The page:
Dennis: Ultimately, I think what we are talking about here is courage, and it's back to Joshua, chapter 1, where, really, God commanded the leaders of the nation of Israel – "Fear not, be courageous." And I think for that person who is in a marriage or who may have a child who they fear is dealing with an addiction, is they have to conquer their fears first – fear of losing their marriage, fear of losing the child, fear of losing their self respect, maybe reputation, because of what's confronted and what does come out in the light. But, ultimately, they have to take steps of faith that will demand bedrock courage and a trust and a hope in God that as you step out, He is going to be there. He is going to be at work, and it may be messy, and it may not work out the way we all wish it could in kind of a storybook ending, but you have to confront it at some point. You just can't continue on with life as usual, allowing the addiction to define the other person and ultimately to destroy their life and the lives of those around them.
Bob: Well, I think what Ed has done for us is given us a tool that families can use or that churches can use to help unpack this whole subject and to help someone who is caught in the snare of an addiction to get free from that trap.
Ed wrote a book a number of years ago called "Addictions, a Banquet in the Grave," and since then has come up with a step-by-step guide away from addiction called "Crossroads," and there is both a study guide and also a facilitator's guide for someone who may want to lead a group study through this material.
And we've got all of the resources in our FamilyLife Resource Center. You can go online at FamilyLifeToday.com for more information about Ed's book and about the workbook and about the facilitator's guide. Again, the website is FamilyLifeToday.com or call 1-800-FLTODAY. That's 1-800-358-6329, 1-800-F-as-in-family, L-as-in-life, and then the word TODAY, and let us see if we can equip you with some resources that can address this issue and help you find freedom or help someone you know find freedom from the snare of an addiction.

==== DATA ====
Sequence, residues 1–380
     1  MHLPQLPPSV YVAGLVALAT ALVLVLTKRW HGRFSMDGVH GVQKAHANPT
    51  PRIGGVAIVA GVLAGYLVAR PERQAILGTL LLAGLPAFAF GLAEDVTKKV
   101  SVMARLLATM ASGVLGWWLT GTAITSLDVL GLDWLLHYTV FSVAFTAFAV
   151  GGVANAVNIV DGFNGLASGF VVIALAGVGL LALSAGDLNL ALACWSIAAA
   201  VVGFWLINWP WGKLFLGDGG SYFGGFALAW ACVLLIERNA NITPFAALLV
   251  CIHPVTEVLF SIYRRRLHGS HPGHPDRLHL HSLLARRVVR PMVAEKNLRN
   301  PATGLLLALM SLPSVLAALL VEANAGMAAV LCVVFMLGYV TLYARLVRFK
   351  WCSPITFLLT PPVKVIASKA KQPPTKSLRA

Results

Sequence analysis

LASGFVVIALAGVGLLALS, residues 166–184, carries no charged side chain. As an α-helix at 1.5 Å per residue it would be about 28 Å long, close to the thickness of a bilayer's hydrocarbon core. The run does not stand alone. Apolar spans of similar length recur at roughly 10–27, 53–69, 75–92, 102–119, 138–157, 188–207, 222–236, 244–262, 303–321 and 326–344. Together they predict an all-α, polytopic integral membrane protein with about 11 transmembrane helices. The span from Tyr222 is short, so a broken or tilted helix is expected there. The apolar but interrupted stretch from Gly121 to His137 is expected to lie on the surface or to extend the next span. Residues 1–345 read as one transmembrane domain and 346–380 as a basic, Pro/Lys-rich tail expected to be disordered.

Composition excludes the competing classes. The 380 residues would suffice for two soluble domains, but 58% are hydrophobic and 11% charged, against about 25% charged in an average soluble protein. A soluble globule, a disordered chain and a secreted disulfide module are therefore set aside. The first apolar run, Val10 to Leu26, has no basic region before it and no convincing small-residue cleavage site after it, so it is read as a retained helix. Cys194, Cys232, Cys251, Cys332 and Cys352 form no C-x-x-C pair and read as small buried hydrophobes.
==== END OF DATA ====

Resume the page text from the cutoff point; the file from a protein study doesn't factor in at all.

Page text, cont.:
And, you know, the issue of addiction, like all of the issues we face in life, ultimately, the solution for those issues is found as we meditate in our hearts and in our minds on God's Word. A few years ago, we finished up a project here at FamilyLife to create a devotional Bible for couples – taking the new King James text of the Bible and adding to it articles, devotions, tips on marriage and parenting issues. This is a resource to provide a husband and a wife with a Bible you can read through in your private devotions or read through together that will help you address the kinds of issues that all of us face in marriage and in parenting.
This month if you are able to make a donation of any amount to help support the ministry of FamilyLife Today, we would like to make available to you a copy of the FamilyLife Marriage Bible with articles and devotions by Dennis and Barbara Rainey. You can get your copy, again, when you make a donation of any amount this month to support the ministry of FamilyLife Today.
If you are donating online at FamilyLifeToday.com, just type "Bible" into the keycode box on the donation form or call 1-800-FLTODAY, make your donation and request a copy of the FamilyLife Marriage Bible. This may be something you'd like to give as a gift to someone you know who is getting married this spring and, of course, it's our gift to you when you make a donation this spring. It's our way of saying thank you for your support of the ministry of FamilyLife Today. We appreciate so much your partnership with us.
Now, tomorrow we're going to talk more about the issue of addictions and talk about whether some people are prone to addictive behavior. Does a person have an addictive personality? We'll talk about that tomorrow. I hope you can be back with us for that.
I want to thank our engineer today, Keith Lynch, and our entire broadcast production team. On behalf of our host, Dennis Rainey, I'm Bob Lepine. We'll see you back tomorrow for another edition of FamilyLife Today.
FamilyLife Today is a production of FamilyLife of Little Rock, Arkansas – help for today; hope for tomorrow.